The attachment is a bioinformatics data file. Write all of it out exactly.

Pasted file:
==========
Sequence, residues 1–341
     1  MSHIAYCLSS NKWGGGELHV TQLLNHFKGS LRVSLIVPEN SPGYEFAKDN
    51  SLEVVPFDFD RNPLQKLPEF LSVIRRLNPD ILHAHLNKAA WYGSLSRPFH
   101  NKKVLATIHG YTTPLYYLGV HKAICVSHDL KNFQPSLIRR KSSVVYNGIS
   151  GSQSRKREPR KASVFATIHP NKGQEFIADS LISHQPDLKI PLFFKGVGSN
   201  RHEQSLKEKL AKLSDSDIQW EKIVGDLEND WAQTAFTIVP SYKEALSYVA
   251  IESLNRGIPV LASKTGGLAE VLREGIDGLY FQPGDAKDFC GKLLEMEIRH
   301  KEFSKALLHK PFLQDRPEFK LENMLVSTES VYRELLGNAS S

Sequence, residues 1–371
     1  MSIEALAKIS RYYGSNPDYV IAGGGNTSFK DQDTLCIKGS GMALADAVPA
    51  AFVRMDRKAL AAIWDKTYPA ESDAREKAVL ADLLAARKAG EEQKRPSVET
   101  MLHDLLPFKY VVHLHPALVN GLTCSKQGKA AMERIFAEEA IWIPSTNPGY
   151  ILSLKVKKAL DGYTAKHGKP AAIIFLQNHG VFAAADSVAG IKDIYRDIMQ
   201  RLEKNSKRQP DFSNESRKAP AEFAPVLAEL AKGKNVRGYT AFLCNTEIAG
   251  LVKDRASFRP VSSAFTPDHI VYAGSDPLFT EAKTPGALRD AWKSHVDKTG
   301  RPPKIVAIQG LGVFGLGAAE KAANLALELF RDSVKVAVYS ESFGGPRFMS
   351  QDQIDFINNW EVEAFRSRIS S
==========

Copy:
Sequence, residues 1–341
     1  MSHIAYCLSS NKWGGGELHV TQLLNHFKGS LRVSLIVPEN SPGYEFAKDN
    51  SLEVVPFDFD RNPLQKLPEF LSVIRRLNPD ILHAHLNKAA WYGSLSRPFH
   101  NKKVLATIHG YTTPLYYLGV HKAICVSHDL KNFQPSLIRR KSSVVYNGIS
   151  GSQSRKREPR KASVFATIHP NKGQEFIADS LISHQPDLKI PLFFKGVGSN
   201  RHEQSLKEKL AKLSDSDIQW EKIVGDLEND WAQTAFTIVP SYKEALSYVA
   251  IESLNRGIPV LASKTGGLAE VLREGIDGLY FQPGDAKDFC GKLLEMEIRH
   301  KEFSKALLHK PFLQDRPEFK LENMLVSTES VYRELLGNAS S

Sequence, residues 1–371
     1  MSIEALAKIS RYYGSNPDYV IAGGGNTSFK DQDTLCIKGS GMALADAVPA
    51  AFVRMDRKAL AAIWDKTYPA ESDAREKAVL ADLLAARKAG EEQKRPSVET
   101  MLHDLLPFKY VVHLHPALVN GLTCSKQGKA AMERIFAEEA IWIPSTNPGY
   151  ILSLKVKKAL DGYTAKHGKP AAIIFLQNHG VFAAADSVAG IKDIYRDIMQ
   201  RLEKNSKRQP DFSNESRKAP AEFAPVLAEL AKGKNVRGYT AFLCNTEIAG
   251  LVKDRASFRP VSSAFTPDHI VYAGSDPLFT EAKTPGALRD AWKSHVDKTG
   301  RPPKIVAIQG LGVFGLGAAE KAANLALELF RDSVKVAVYS ESFGGPRFMS
   351  QDQIDFINNW EVEAFRSRIS S